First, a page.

Visitors to USC’s campuses will immediately notice the central role sustainability plays in the daily life of the university. Hundreds of campus hydration stations at both University Park and Health Sciences campuses encourage the use of reusable and refillable containers. Clear signage for multi-stream waste bins aid in identifying where to dispose of your trash to assure it doesn’t end up in landfill unnecessarily.

Signage and events about new sustainable practices are all part of community engagement, a key tentpole in Assignment: Earth. The Office of Sustainability has found that increased engagement is positively correlated to improved sustainability literacy and increased self-reported behavior.

“Interest in learning about sustainability at USC is high,” Dalrymple said. “However, a lot of sustainability wins and challenges are not readily visible. You’ve got heavy lifting behind the scenes, for example, for energy efficiency and water conservation, about which it is challenging for people to get excited.

We receive many inquiries about recycling and composting from students, faculty and staff. Why? Everyone touches waste every day.

Mick Dalrymple, USC chief sustainability officer

“On the other hand, we receive many inquiries about recycling and composting from students, faculty and staff. Why? Everyone touches waste every day. Energy and water are much less tangible. Waste infrastructure, while still being deployed for consistency across campuses, is highly visible and brings attention to the issue, as well,” he said.

To better understand the sustainability IQ of the USC community, the Office of Sustainability recently launched its annual sustainability survey. The 2023 survey measures sustainability literacy, culture and behavior across the university and helps guide programming and planning. It is available online through April 16.

Signifying sustainability’s rising importance to the university, the USC Sustainability Hub is set to open in fall 2023 in the Gwynn Wilson Student Union building. Designed to facilitate collaborations across disciplines, the hub will host meetings, events, workshops, networking and the university’s first group of interdisciplinary postdoctoral fellows specifically focused on finding solutions to climate-related issues.

The university will also debut its first zero waste zone at the Little Galen dining hall during Earth Month. Each zone — more are planned to be installed throughout the year — will solely feature containers and packaging that are compostable or recyclable.

To commemorate Earth Month, the university and its 22 schools will hold dozens of events to educate and entertain, including:

The latter event is supported by the newly created Community Accessibility Restoration & Ecology, or CARE Grant, a program to highlight the intersection of sustainability and diversity, equity, inclusion and belonging. Developed by the USC Office of Inclusion and Diversity, the grant also will co-fund The Art and Climate Collective’s Annual Sustainability Fair and a Land Back Arts symposium.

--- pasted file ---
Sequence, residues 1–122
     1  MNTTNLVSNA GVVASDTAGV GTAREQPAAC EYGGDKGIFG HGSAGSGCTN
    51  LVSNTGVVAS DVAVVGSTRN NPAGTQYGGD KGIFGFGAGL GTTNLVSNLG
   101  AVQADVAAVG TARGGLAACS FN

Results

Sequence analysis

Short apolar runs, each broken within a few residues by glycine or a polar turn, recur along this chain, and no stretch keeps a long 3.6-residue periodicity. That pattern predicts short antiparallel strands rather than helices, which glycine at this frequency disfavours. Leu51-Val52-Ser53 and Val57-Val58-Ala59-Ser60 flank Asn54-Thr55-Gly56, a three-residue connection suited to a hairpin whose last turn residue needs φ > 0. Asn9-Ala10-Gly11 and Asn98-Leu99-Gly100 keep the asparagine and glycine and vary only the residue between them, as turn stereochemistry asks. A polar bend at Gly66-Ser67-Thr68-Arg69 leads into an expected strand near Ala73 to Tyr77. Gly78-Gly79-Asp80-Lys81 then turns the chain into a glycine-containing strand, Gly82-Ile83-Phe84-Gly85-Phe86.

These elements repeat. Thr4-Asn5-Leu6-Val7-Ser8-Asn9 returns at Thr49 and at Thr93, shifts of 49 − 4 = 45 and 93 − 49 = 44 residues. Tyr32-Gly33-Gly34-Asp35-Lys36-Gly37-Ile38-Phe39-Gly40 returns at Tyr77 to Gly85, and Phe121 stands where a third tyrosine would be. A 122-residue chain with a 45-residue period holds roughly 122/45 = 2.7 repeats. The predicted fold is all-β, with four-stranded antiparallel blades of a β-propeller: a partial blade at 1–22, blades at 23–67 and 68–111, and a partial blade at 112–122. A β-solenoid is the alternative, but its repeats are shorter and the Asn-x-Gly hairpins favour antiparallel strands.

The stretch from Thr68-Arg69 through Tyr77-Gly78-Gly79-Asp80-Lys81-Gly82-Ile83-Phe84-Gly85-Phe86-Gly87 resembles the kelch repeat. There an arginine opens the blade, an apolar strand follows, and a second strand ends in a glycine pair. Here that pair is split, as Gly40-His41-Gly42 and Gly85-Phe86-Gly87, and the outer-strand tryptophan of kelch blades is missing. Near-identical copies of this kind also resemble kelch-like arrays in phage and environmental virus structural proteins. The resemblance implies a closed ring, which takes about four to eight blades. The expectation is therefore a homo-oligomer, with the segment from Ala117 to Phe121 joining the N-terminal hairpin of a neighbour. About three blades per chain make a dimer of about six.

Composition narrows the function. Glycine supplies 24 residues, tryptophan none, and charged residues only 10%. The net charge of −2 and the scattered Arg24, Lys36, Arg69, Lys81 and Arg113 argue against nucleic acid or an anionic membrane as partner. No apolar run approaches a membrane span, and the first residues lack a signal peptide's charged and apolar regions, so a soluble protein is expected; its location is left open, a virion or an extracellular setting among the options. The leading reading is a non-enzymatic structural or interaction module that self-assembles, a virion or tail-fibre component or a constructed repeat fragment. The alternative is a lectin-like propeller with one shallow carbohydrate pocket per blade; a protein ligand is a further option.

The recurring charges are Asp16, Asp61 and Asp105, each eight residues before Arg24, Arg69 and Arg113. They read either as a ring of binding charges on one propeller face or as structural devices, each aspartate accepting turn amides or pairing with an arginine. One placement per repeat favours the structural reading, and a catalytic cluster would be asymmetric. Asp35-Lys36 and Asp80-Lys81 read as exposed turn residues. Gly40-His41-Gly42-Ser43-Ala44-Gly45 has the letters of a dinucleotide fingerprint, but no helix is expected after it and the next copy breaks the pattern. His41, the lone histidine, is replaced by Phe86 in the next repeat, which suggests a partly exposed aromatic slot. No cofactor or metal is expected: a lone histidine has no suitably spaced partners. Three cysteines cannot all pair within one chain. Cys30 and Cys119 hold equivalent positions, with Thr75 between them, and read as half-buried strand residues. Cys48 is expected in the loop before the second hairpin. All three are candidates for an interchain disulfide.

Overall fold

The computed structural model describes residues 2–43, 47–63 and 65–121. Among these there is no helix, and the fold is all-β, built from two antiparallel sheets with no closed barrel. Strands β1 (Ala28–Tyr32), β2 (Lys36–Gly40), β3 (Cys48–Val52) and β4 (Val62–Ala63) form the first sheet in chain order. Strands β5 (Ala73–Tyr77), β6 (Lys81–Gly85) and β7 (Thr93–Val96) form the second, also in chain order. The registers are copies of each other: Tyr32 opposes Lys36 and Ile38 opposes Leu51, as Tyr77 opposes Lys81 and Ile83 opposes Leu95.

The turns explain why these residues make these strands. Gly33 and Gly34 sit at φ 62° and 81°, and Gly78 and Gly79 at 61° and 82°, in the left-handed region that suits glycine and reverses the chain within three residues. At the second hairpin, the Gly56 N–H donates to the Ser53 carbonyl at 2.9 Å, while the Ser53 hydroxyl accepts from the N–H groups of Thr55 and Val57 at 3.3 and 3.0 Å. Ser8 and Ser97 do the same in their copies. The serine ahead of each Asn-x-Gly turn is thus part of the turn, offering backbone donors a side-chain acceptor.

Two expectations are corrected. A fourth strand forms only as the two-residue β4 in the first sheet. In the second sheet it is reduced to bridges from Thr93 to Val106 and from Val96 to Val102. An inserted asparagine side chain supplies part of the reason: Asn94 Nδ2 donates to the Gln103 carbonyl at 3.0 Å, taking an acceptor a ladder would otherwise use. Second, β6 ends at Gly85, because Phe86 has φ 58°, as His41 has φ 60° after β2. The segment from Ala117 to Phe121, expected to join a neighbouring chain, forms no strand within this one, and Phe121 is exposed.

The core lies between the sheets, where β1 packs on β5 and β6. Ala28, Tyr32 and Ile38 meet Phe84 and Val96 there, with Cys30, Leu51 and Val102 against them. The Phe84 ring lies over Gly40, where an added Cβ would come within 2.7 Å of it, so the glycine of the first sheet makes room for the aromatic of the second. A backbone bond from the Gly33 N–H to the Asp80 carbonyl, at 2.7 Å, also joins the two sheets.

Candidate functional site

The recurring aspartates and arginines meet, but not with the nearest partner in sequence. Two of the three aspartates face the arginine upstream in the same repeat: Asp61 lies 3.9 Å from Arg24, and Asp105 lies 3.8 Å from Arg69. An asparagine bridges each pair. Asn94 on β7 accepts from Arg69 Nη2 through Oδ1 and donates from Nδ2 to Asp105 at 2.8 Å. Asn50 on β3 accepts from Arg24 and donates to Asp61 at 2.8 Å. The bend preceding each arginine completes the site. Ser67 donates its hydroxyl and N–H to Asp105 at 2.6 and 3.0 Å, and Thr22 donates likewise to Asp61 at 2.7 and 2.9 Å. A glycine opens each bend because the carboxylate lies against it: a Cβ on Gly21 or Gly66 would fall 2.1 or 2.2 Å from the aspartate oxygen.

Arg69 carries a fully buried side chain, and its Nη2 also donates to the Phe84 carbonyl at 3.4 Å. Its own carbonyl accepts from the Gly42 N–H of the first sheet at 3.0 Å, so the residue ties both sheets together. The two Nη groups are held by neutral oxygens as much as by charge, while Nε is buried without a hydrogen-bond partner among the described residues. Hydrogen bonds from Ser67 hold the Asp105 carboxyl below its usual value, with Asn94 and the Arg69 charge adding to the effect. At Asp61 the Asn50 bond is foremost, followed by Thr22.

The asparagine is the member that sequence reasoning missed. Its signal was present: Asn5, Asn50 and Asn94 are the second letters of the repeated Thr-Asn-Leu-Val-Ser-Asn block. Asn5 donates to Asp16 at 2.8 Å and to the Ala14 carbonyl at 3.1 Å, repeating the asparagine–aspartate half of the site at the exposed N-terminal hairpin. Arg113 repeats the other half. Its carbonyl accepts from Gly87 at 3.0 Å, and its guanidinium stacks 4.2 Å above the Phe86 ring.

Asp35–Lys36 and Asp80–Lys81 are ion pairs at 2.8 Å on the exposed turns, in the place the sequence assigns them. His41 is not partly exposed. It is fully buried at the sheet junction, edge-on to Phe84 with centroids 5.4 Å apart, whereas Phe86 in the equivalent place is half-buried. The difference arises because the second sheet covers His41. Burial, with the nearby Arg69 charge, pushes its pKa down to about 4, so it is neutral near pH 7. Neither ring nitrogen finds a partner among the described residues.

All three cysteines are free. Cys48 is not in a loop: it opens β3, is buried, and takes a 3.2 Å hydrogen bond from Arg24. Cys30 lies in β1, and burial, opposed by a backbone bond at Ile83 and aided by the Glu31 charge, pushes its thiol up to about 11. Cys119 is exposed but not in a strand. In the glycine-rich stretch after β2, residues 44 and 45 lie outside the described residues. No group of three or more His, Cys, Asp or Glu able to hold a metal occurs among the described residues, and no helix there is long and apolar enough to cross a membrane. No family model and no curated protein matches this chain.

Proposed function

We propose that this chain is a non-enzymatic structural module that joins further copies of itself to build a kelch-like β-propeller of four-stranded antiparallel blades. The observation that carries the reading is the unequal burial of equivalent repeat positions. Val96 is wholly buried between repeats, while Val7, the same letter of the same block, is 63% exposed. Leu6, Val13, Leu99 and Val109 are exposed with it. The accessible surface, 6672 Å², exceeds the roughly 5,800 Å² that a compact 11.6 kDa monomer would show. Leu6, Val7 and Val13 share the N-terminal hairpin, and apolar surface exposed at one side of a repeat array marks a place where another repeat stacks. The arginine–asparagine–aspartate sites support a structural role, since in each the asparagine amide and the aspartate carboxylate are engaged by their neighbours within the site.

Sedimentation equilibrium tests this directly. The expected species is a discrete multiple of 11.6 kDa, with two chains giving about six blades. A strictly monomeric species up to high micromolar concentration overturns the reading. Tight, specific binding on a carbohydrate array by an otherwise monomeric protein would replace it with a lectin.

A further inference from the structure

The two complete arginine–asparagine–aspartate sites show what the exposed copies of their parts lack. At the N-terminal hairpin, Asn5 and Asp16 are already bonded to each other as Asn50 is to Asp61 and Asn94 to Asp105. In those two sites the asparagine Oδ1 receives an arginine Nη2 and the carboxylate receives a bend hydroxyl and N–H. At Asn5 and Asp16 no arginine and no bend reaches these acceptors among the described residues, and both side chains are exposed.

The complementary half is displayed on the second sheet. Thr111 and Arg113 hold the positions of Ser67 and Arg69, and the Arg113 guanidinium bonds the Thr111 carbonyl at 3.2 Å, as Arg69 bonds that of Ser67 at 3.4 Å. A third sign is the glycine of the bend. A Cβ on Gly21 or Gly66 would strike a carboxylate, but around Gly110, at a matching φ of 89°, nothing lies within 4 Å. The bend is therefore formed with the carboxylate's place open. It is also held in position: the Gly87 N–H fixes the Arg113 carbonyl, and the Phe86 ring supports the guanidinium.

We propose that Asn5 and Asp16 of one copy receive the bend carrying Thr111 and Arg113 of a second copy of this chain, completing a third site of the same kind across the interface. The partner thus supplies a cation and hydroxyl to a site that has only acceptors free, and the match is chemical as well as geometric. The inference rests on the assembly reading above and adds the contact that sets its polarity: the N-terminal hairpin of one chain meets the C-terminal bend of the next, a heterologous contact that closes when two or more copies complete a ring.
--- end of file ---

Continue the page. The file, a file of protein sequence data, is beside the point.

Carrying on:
Assignment: Research  

Research geared toward identifying, analyzing and developing solutions for a world facing climate change and other environmental issues continues to flourish at USC. Since the beginning of 2023, USC researchers have published peer-reviewed studies or reports on:

  • The adoption of electric vehicles being tied to reduced air pollution and improved health, from the Keck School of Medicine of USC.
  • Plastic waste’s potential to be converted into valuable products, such as pharmaceuticals and agricultural products, from USC Dornsife and the USC Alfred E. Mann School of Pharmacy and Pharmaceutical Sciences.
  • The impact of DDT in the Pacific Ocean waters near L.A., funded by the USC Sea Grant.
  • The plight of the Nile River Delta, which may predict the fate of the Colorado River if it continues to be overused, signaled in research by the USC Viterbi School of Engineering.

These studies represent only a handful of the climate- and sustainability-related research projects underway across USC. The pace of discovery is set to increase, according to Ishwar K. Puri, senior vice president for research and innovation.

USC-led innovation can develop the human solutions necessary to make progress on these challenges, Puri said in a recent interview.

“Sustainability-related research taking place at USC continues to provide new insights and present potential paths toward a more equitable world,” Puri said. “USC experts have made important discoveries that address some of the most difficult challenges our world faces. Rapidly accumulating plastic waste, increasingly toxic air pollution in our cities and declining trust in science are just a sample of the problems our researchers are taking on.”